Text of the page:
Objectors excluded from sell-out Heygate hearing

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Objectors are fuming after being refused entry to Tuesday's public hearing for the Heygate masterplan planning application.

Over 40 local residents including members of the Wansey Street TRA, representatives from the Elephant & Castle's Latin American traders and local priest Grahame Shaw were refused entry to proceedings at the council's Tooley St. headquarters.

A total of 102 seats had been allocated for the hearing, but objectors arrived to find that around half of these had already been taken up by representatives from the developer and the council's regeneration & property divisions.

With Southwark's largest ever planning application and 300 objectors, a room with maximum capacity for just 100 people had been allocated to the hearing. Southwark's Head of Corporate Programmes told waiting objectors that the meeting is full, and that if people put their names on a list then they would be admitted on a one-in, one-out basis. He apologised to objectors and explained that "We weren't expecting to completely sell out".

Councillor Bukola subsequently emerged from the meeting to tell excluded objectors that 'there are a sufficient number of objectors already in the room'....

Fellow objector and MP Simon Hughes later arrived to find objectors barred from the meeting, and immediately tweeted Peter John to complain about the situation.

After much debate with officials, the planning committee's legal officer finally intervened and the meeting was forced into recess. The 30 or so objectors who had stayed in the lobby, were then finally admitted at around 9pm - 3 hours into the hearing.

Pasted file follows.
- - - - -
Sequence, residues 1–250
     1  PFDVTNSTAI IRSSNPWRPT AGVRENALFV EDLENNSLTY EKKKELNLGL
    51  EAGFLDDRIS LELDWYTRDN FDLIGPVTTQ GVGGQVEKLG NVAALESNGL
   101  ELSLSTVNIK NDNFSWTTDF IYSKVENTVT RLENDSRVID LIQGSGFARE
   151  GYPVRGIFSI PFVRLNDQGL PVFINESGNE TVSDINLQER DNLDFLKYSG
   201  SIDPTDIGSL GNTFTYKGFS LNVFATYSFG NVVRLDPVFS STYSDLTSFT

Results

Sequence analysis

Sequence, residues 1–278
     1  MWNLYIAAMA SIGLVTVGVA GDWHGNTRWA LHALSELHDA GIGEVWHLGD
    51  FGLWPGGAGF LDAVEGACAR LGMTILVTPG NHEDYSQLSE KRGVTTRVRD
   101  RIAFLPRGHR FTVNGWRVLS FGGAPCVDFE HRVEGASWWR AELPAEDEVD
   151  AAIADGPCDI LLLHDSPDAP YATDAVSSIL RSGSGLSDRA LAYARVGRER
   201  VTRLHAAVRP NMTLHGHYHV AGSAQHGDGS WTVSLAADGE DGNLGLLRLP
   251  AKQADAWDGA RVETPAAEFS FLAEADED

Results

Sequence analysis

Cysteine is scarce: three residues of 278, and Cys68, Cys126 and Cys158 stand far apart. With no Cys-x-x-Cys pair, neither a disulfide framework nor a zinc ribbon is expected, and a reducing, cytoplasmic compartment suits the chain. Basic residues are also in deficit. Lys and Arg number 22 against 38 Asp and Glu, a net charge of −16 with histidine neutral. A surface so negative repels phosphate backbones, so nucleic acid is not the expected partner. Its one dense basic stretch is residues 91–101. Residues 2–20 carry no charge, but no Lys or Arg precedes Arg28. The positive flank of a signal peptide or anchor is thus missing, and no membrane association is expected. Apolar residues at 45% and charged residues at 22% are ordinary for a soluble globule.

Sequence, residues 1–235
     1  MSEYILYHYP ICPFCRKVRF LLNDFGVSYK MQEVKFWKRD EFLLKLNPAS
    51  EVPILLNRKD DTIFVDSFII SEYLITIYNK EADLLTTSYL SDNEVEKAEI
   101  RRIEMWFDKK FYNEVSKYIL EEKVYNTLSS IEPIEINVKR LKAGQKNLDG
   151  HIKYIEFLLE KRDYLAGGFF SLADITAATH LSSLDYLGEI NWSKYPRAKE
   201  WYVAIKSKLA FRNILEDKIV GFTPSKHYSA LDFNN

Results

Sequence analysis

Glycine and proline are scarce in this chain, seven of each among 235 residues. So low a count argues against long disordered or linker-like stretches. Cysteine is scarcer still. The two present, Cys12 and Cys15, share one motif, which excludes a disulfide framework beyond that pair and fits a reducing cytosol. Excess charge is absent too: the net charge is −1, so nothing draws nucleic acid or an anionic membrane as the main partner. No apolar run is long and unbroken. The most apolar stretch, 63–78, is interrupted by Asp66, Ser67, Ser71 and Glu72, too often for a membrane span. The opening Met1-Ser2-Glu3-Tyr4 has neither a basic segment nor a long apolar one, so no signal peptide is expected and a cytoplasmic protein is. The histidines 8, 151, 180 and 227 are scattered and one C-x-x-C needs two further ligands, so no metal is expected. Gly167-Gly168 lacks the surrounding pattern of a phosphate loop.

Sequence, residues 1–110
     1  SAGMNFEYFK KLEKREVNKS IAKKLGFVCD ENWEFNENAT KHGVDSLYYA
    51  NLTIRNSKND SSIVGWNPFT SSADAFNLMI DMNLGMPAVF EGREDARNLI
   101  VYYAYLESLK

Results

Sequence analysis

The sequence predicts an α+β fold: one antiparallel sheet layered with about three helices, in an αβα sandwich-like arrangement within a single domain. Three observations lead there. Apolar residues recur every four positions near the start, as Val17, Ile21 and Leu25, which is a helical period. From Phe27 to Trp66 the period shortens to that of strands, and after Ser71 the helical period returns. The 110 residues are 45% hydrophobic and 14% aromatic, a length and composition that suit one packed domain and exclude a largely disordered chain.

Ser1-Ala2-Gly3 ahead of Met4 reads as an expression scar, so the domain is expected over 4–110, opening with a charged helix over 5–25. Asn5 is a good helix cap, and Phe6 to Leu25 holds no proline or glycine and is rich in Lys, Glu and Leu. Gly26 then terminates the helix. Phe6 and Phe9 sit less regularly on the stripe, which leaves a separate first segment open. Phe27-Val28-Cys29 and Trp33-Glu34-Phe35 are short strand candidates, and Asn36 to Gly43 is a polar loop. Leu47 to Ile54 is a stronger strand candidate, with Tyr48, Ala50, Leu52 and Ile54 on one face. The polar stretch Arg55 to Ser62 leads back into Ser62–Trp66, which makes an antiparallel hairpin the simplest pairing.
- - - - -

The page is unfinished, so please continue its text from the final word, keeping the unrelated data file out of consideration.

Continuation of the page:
Those objectors who had been fortunate enough to gain entry at the beginning of the meeting, made the most of the ridiculous 5 minutes allocated between them in which to make their representations.

Among these were Jerry Flynn speaking on behalf of the Elephant Amenity Network and Adrian Glasspool representing the Heygate residents.

In answer to questions, Flynn made a number of points including: concerns surrounding the large number of car-parking spaces proposed; privatisation of public realm; lack of clarity in the developer's promise to retain some of the trees; lack of any renewable energy. His major two concerns though, were the masterplan proposal for just 79 social rented homes, and whether the scheme was actually financially viable - the report on the scheme described it as representing a 'very big risk' for the developer.

Glasspool objected that Heygate residents had originally been promised new homes in the development, but that the 79 social rented units proposed wouldn't be sufficient to honour this pledge: "An entire community has been ousted on the back of false promises that there would be a right to return."

Frustrated that such little time had been allocated for objectors to speak, some residents had prepared placards outlining their concerns. Planning Committee chair Cllr Nick Dolezal immediately halted proceedings and ordered those holding placards to leave the room.